Recent History – 2004-2006
By Gary Rusak, March 2005
Children as young as 10 years old who are not attending school at all was just one of the pressing issues discussed at the Aboriginal Advisory Council Meeting on Wednesday afternoon.
“It affects a small percentage of the school population,” said Caron Jones, aboriginal liaison teacher for School District 59. “But, it certainly concerns us when we see that students are not in school.”
Jones said that the problem affects both aboriginal and non-aboriginal students, but that the majority of those missing classes are male aboriginals.
“The issue is that there is a small number of kids, mostly boys, and we haven’t been able to develop a program that fits them yet,” she said. “Right now we are at the table discussing how can we hook these kids back into school.”
Although it is illegal, under The School Act, for children under 16 not to attend school, Jones said that the local cases have fallen between the cracks.
“It is illegal but there is no teeth in anyone’s policies that say what they’re going to do about it,” Jones said. “The Ministry of Children and Family Services won’t do anything if the kids are not in school and we don’t have any truancy officers to go out and find the kids.”
Jones has convened a committee to examine the issue with the hopes of finding some way of keeping tabs on the vulnerable population. A new program will be up and running after spring break, Jones said.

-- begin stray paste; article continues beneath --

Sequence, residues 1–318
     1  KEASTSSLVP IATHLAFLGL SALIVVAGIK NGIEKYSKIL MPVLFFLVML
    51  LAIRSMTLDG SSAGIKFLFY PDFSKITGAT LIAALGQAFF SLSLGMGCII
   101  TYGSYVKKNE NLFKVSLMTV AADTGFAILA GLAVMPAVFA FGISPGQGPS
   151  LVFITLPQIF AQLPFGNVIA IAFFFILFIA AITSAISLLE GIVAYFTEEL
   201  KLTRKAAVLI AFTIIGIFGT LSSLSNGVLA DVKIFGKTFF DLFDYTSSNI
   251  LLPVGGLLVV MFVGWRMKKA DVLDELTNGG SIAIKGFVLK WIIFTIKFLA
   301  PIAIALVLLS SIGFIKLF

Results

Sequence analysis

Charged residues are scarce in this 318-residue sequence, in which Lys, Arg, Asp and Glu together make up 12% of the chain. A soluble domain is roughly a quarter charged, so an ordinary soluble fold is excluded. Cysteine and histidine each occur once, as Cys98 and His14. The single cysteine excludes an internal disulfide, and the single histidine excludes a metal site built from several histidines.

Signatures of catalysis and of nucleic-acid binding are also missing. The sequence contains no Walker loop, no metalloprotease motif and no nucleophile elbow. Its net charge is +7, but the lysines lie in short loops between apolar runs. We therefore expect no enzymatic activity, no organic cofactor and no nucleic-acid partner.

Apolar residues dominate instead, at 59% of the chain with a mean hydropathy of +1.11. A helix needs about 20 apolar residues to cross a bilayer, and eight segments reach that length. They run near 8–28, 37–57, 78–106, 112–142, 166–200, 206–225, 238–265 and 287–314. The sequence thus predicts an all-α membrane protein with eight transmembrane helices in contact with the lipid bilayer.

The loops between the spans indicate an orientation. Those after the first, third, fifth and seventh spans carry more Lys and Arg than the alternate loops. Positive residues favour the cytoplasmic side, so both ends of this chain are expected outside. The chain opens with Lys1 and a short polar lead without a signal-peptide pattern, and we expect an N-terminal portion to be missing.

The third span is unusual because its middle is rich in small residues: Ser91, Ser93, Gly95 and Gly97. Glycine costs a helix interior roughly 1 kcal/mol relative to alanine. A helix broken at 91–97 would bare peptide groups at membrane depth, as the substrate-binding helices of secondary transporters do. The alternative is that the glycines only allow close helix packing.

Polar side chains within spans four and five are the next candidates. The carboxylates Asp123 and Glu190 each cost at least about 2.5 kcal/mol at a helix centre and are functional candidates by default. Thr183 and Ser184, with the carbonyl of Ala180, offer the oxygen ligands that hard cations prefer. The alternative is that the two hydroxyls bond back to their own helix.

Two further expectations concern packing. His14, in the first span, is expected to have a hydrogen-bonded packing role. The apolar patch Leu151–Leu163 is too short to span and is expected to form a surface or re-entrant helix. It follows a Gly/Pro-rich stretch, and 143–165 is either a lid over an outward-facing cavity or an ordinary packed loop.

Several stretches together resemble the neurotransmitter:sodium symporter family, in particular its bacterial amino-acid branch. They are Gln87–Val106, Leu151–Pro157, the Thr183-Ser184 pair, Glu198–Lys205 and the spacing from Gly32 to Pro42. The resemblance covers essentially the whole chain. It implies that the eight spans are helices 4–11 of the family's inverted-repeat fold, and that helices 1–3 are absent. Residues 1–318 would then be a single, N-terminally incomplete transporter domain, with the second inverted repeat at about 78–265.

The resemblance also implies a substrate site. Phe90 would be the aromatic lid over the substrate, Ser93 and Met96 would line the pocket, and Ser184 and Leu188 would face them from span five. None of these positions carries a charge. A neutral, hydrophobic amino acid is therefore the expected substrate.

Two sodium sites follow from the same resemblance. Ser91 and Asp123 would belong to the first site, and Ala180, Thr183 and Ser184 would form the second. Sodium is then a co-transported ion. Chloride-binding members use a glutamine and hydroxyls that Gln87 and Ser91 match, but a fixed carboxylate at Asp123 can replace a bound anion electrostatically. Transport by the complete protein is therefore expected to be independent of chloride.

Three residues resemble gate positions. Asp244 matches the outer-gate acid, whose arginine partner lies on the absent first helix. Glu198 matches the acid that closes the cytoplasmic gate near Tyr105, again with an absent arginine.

“We have never totally let go of them,” she said explaining that outreach workers through the school district do visit the truant kids on a regular basis. “But, we are always trying to coax them back to school. We know that the regular program is not something that works for every kid.”
The Aboriginal Advisory Committee was established by the School District four years ago and is made up of aboriginal advocates from the city. The committee offers its recommendations to the school board on a variety of issues facing the aboriginal student community. One of its long-term goals is to address the low graduation rates of aboriginal students, a rate that is approximately 30 per cent lower than the non-aboriginal rate according to the latest statistics released by the school district. Jones said that while bolstering graduation is a long-term goal, the committee is taking initial steps to deal with the problem.
“One of the things that I have seen as a success is the pride that aboriginal kids are taking in themselves being aboriginal,” said Jones. “They are not ashamed of who they are and that is something that we will continue to work on.”